HARTSVILLE, S.C. – Richard A. “Dick” Puffer remembers the day he told his parents he had enlisted in the United States Marine Corps. That was more than 50 years ago.

The Vietnam War was at about the midway point, and large operations with casualty counts were being reported daily in the news.

“My father and I were doing the dishes,” Puffer said.

Puffer said he started out saying “I don’t think I told you, but I signed up for the Marine Corps.”

His father, a World War II veteran, made it known he thought that wasn’t a smart move.

Puffer, who was a college student with a deferment, said for some reason the Marines fascinated him.

“I said it was something I had to do,” he said. “Then we continued to do the dishes.”

Puffer said there were many anti-war demonstrations going. He said many people in this country were not in favor of American involvement in that war.

Puffer said regardless of whether this was a popular war, he thought it was important to be a part of it.

Puffer has said that at the time he was a “Yankee, Catholic, hippy.” He was also a student government leader at State University of New York at Cortland.

“I really enjoyed my time in college,” he said. “But I was very aware that while I was in college, there were a lot of people who were not in college who were fighting for our country.

“These were kids like me.”

He admits guilt was one of the primary reasons he signed up.

He enlisted, while a junior in college, in the United State Marine Corps. He signed up in 1967 for Marine Corps Officer Candidate School. And then he entered the Platoon Leader’s Class (PLC) and went to officer’s candidate school.

Puffer graduated in 1968 as a 2nd lieutenant.

At basic school, Puffer said, he learned to be a Marine officer. He also went to Vietnamese language school. He said the Marines do a good job of teaching and preparing officers.

Puffer said he took a course to try to learn tactics to “win the minds and hearts of the Vietnamese people.”

By the time he went to Vietnam, Puffer said, the opinion in the United States had started to change. Not everyone was against the war.

He said you couldn’t avoid knowing there was a war going on, because every night the network news gave a body count of the men killed in action in Vietnam. He said it was as if the networks kept score.

“It was a guerilla war, mostly fought by Viet Cong, South Vietnamese people supported by the North Vietnamese army who wanted to reunify the country,” he said.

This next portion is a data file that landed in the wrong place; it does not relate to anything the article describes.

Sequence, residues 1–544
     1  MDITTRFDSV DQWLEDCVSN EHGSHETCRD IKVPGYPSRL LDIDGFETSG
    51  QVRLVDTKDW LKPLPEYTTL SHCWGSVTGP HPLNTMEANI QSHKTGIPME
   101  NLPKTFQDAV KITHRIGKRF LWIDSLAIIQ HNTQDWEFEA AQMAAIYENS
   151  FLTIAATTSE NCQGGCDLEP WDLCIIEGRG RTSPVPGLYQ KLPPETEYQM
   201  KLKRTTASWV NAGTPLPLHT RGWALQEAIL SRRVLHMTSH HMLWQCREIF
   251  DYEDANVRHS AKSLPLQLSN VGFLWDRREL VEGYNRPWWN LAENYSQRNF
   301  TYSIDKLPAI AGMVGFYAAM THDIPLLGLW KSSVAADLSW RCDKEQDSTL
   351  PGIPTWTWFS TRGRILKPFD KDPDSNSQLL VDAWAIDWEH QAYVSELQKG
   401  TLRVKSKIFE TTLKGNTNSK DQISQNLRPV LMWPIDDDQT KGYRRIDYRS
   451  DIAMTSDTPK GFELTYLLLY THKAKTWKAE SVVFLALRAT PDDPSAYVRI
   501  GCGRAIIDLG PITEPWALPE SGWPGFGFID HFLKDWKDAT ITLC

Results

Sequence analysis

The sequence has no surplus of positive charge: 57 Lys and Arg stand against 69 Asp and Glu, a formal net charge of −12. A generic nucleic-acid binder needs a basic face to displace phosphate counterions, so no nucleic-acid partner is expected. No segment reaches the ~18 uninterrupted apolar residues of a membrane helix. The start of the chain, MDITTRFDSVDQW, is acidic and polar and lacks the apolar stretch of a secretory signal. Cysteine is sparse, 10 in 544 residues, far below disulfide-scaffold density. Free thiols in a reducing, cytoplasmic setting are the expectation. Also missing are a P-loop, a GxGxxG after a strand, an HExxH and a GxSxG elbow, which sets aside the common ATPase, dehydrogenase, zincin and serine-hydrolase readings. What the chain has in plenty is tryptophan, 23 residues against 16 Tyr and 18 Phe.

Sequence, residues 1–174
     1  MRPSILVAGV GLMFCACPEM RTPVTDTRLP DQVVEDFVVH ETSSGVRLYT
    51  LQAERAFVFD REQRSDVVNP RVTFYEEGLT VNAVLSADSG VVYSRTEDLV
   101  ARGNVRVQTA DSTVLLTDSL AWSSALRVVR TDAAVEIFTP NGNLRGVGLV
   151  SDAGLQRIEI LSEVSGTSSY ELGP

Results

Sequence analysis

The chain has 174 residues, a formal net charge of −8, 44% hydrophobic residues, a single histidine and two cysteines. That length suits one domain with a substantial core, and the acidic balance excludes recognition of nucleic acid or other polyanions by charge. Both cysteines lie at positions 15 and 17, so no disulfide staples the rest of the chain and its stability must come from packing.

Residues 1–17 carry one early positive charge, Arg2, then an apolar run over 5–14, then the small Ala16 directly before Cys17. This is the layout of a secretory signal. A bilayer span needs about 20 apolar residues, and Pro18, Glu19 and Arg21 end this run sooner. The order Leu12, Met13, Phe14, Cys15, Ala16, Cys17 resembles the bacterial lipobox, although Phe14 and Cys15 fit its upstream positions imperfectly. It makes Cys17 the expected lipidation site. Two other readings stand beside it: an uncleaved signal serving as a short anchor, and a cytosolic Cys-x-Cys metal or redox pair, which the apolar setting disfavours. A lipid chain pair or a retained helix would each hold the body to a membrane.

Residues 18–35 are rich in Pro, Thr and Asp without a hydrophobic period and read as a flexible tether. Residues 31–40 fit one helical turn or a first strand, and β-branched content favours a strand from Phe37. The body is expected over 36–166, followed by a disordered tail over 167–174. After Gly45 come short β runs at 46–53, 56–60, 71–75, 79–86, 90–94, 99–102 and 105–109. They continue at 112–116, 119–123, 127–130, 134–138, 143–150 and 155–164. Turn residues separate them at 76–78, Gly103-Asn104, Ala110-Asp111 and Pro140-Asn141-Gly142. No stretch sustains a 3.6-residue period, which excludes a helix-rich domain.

Puffer said he arrived in Vietnam in May 1969 and took command of a platoon, the 1st Marine Division 2nd Battalion, Golf Company 2-1.

He was in charge of a group of 45 to 50 Marines.

“We were there for each other,” he said. “The politics wasn’t our business.”

Puffer was involved in Operation Pipestone Canyon, a search-and-destroy mission. It was a combined effort of the U.S. Marine Corps, Army of the Republic of Vietnam and Republic of Korea Marine Corps that took place on Go Noi Island.

“We were somewhere in the Da Nang area,” he said. “We were trying to disrupt the

On July 3, after only 30 days in Vietnam, Puffer’s tour of duty was interrupted.

“I got blown up by a booby trap,” he said.

After hearing the loud explosion, Puffer said, he recalls looking down on people. He said he heard someone groan.

“I discovered it was me,” he said.

He said he was hit with shrapnel from the waist down.

“It was scary for a while,” he said.

He was sent to Japan, where he was operated on and stayed for a little more than a month.

He returned in August to Vietnam.

While in Japan, Puffer said, he got to watch the United States landing on the moon in Japanese on a small, black-and-white television.

War is messy, he said.

Puffer said you try to do something to make it worth your being there. When you think about it 50 some years later, it is no less messy.

“We try to remember more of the good,” he said.

When he returned to Vietnam, he was assigned to the 3rd Military Police as an infantry officer in command of a platoon security battalion on the outskirts of Da Nang.

He said it was his duty to make sure they weren’t attacked. He got promoted to company commander, which included two platoons: the security platoon and the POW platoon.

“One of the ‘fun’ things I got to do was to be called upon to provide security for the Bob Hope Tour,” he said. “We were one of several units who could see the stage. It was a good show.”

He said that when Richard Nixon was elected president, the military started to downsize. He said he had a choice to go home early or go on R&R.

“I went back stateside,” he said.

He went to Camp Lejeune, where he was with the 2nd Marine Division. Six months later, he was out of the service.

Puffer received a Purple Heart and Navy commendation.

“I loved the Marine Corps, but I hated the war,” he said. “I wish we had learned a lesson from that war.”

He said there is a type of Marine “culture” that “once a Marine, always a Marine.” He said the camaraderie of the Marines makes you feel that way.

After the war, he traveled abroad for about six months. Then he moved to South Carolina to teach. He taught in Lee County, met his wife, Sylvia, and stayed.

Puffer’s career includes being an educator, journalist, director of corporate communications and journalism professor. He retired in May 2016 from teaching at Coker College. He continues to serve as executive director of The Byerly Foundation in Hartsville.

In his spare time, he is an avid reader and exercise enthusiast. He is a member of the F3 workout group in Hartsville. F3 stands for Fitness, Faith and Fellowship.

He is a grandfather and enjoys spending time with his two daughters, Eve and Inga, and their families.

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